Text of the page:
[LAU] MIDI over wifi on Linux, revisited

Chris Caudle chris at chriscaudle.org
Thu Jan 7 00:12:04 UTC 2016

On Mon, January 4, 2016 6:49 pm, Jonathan E. Brickman wrote:
> The motivation for me is simple.  I have worn out too many USB ports to
> be happy about it!!!

You're jumping through hoops to get WiFi to work because you want a
connector saver?

Wait, I thought this was about MIDI.  Is it MIDI, or USB?  Or MIDI data
which is being generated by a USB connected device?

Anyway, connector saver is what we called an adapter to be used in
situations where a connector was going to be mated much more than designed
For example, say you are worried about wearing out the USB connector on
your laptop.  You make a cable that connects to the laptop, with a USB A
female on the other end (extension cable, in other words).  Make a way to
keep the cable attached permanently to the laptop (tricky since the
connector sticks out).  Say for example the connector can tolerate 500
mating cycles, so previously you would wear out the laptop connector after
500 times of connecting and disconnecting your device.  Now with the
extension mounted, the end of the extension wears out after 500 times, so
you get a new one, that is 2 mating cycles for the computer.  After 500
more times of connecting and removing your device the cable wears out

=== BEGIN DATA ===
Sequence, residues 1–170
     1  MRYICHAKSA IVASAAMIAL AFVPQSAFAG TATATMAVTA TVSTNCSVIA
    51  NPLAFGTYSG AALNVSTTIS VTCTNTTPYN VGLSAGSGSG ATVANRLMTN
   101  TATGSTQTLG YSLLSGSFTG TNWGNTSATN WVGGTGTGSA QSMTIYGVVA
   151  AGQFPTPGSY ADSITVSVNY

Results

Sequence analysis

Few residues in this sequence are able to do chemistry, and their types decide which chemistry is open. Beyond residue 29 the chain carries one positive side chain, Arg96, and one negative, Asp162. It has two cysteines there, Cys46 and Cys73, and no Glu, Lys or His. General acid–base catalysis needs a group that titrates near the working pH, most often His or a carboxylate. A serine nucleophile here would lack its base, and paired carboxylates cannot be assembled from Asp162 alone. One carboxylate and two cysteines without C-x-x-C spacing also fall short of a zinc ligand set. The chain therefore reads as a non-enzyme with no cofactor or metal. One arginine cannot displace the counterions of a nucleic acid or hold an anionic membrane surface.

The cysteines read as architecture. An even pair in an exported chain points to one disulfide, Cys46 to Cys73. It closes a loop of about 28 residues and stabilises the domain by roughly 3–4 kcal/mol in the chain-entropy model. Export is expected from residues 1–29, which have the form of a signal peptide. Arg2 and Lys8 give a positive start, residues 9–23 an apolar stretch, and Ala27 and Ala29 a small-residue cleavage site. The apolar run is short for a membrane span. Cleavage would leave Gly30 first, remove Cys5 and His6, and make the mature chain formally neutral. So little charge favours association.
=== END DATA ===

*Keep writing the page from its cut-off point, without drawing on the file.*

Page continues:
again, so you change it, 3 cycles on the laptop.  This way you can get
500*500=250 000 mating cycles before you wear out the connector on the
Of course for a portable system it isn't quite so simple, since the
connector sticks out, so you can't really carry around something like a
permanently attached extension cable without risking breaking the
connector by bumping into something.  The technique is more useful for
something fixed, say you have a computer on work bench in a repair shop
that you use to test out devices, so you are inserting and removing a lot
more than usual.

I don't remember if you said what was at each end of the wireless
connection.  Will that be a computer running Linux at both ends, or only
at one end?

I didn't hear anyone mention it before, but the rtp-MIDI specification
says you can run over TCP, which should take care of most packet loss
issues, although the variable latency of WiFi would still make it not
recommended for real time use.
The scenic tools mentioned earlier implement rtp-MIDI, but I don't have
any idea whether it supports all the options to allow you to pick that you
want TCP rather than UDP transport of the RTP packets.

Chris Caudle

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